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A common objective for a monitoring program is to characterize an environmental resource based on inference from the sites selected to be monitored to the entire target population. The scale of monitoring ranges from local studies, to regional monitoring, to nationwide monitoring programs. Rarely can these monitoring efforts monitor at all locations, or sites, within the study region. Consequently, a major consideration is how to select representative sites from which it is possible to make inferences to the entire study region.
In addition to the different spatial scales of interest across monitoring efforts, these studies may focus on different environmental resources. A state or province may be interested in all small lakes (e.g. < 10 ha) with the objective of classifying the lakes as meeting designated uses (i.e. having values of designated water quality attributes that do not exceed a specified threshold), partially meeting designated uses, or not meeting designated uses. In this case, the elements of the environmental resource are individual lakes and site selection is based on selecting a subset of lakes from the target population. Alternatively, a state may be interested in all perennial streams and rivers within the state to determine the total stream length that meets a nutrient criterion. In this case, the elements of the environmental resource are all possible locations on the stream and river network within the state and site selection is based on selecting sites on the stream network to be monitored. The stream network is the target population and is viewed as a continuous linear network. Finally, a state may be interested in monitoring a single large estuary within the state (e.g. Puget Sound in Washington State, USA) to determine the proportion of the estuarine area that has sediment contamination exceeding a criteria. In this case, the environmental resource, i.e. the target population, is an area and sites are selected from all possible locations within the estuarine surface area. Similar examples can be given for terrestrial environmental resources.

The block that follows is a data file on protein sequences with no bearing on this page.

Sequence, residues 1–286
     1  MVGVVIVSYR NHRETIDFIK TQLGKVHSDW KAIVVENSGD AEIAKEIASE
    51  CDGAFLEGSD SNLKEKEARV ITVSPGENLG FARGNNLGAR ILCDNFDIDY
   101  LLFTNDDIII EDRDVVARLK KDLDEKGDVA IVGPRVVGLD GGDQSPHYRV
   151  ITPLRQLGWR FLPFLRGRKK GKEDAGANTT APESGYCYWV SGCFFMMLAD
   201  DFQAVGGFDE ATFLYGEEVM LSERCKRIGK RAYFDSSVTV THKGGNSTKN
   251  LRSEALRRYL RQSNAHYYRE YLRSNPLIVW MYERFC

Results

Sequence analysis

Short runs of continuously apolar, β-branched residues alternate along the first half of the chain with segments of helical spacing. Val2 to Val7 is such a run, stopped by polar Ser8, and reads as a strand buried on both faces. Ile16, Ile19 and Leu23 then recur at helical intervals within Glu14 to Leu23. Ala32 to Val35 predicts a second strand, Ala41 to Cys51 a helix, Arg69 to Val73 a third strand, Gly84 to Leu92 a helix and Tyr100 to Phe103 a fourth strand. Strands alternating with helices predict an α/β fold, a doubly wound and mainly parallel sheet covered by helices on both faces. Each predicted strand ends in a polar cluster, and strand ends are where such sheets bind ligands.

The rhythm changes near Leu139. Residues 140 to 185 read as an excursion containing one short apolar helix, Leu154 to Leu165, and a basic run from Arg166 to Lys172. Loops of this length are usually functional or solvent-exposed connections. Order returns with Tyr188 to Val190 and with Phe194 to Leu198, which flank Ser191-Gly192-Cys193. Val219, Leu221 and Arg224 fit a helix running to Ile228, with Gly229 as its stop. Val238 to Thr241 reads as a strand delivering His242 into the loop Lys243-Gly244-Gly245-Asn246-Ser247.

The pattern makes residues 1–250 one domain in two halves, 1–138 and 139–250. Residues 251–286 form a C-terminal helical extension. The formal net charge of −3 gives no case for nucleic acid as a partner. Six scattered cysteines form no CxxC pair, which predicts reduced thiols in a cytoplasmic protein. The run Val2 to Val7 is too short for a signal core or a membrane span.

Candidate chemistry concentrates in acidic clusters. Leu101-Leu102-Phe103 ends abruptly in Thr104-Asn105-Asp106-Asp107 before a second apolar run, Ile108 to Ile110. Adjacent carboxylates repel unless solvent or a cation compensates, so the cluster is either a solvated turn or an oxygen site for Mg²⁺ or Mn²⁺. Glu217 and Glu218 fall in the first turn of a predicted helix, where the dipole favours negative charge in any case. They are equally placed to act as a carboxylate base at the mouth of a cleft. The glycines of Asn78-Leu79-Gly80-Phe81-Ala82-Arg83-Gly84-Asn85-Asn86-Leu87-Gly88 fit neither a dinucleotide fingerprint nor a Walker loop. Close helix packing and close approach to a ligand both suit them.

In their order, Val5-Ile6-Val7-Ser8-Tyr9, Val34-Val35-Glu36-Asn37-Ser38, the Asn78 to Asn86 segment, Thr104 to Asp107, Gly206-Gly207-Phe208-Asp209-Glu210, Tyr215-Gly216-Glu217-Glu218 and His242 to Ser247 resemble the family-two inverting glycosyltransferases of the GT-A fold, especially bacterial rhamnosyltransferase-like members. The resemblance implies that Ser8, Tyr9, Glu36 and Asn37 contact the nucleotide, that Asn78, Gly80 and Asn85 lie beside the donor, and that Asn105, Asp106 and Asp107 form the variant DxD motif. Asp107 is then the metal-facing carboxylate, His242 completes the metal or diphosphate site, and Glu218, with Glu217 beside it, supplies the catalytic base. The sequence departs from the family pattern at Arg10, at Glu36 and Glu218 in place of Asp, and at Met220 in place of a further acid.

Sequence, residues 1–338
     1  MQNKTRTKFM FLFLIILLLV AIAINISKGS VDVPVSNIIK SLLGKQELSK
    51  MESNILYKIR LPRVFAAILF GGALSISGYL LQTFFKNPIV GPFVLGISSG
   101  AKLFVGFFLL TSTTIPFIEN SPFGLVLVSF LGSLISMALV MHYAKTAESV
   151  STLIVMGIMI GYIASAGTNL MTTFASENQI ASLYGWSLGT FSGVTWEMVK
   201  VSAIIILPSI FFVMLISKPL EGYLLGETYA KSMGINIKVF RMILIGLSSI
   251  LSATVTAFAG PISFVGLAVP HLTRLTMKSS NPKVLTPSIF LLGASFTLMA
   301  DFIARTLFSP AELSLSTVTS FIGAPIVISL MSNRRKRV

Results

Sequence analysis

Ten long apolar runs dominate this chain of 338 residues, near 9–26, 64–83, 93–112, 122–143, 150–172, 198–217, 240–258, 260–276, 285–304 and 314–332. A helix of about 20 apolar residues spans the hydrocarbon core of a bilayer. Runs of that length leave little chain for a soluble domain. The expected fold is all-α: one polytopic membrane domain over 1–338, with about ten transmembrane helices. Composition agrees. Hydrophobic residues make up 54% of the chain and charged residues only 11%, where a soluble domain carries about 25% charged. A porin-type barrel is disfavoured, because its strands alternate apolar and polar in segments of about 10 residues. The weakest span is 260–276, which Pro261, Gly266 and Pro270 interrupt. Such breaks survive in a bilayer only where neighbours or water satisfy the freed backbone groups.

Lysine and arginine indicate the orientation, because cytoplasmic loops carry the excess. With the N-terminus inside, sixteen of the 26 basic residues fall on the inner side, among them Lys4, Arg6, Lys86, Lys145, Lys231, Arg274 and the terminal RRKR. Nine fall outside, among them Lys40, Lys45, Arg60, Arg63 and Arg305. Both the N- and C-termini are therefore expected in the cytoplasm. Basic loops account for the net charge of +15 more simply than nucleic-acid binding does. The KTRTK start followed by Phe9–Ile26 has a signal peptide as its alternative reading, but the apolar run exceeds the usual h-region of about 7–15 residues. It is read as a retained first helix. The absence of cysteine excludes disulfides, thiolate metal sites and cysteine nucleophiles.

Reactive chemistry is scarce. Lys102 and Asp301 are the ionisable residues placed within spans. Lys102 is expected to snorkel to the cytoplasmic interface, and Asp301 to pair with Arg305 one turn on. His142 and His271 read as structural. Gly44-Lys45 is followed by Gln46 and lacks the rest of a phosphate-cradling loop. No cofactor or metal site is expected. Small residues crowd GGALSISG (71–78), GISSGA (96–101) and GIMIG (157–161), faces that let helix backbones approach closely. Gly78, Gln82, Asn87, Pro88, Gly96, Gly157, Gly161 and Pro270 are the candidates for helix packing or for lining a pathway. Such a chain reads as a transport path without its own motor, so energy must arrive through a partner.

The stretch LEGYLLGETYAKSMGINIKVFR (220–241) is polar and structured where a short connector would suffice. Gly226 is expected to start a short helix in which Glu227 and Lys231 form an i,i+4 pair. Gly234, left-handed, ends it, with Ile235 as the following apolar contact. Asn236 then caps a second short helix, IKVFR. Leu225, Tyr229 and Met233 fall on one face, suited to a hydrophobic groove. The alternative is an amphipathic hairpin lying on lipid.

Typical objectives for environmental resource monitoring programs include estimating the current status of the resource, estimating change in status between two time periods, and estimating trends in status over time. For most monitoring programs, status is estimated using multiple indicators (monitoring variables) determined for each sample site that are derived from measurements of biological, chemical, and physical attributes obtained at the site. What is meant by estimating current status? First, the estimate applies to a specified portion of the region included in the monitoring program, typically the entire region. Second, a specific summary measure must be chosen. Common summary measures are estimates of the population mean, the percentage of the population that is less than a particular value (e.g. percentage of water bodies meeting a water quality standard or percentage of a dry forest region that has tree densities < x trees/ha), the population median, the percentage of the population occurring in categories, or the population standard deviation for an indicator.
An additional summary measure is an estimate of the population cumulative distribution for the indicator. The population cumulative distribution is simply the percentage of the population that is less than or equal to each possible value of an indicator. The population cumulative distribution provides complete information about the indicator distribution (Box 14.1). It has the advantage that it can be used for both categorical and continuous data. It is common in statistics to call the cumulative distribution the cumulative distribution function (CDF) and we will adopt that convention in this chapter. Measurements for indicators obtained from a probability survey can be used to estimate these summary measures of status. For complex survey designs that employ stratification or unequal probability of selection, estimation of current status for any of these summary measures must use weights that are derived from the stratification or unequal probability of selection used in the design.
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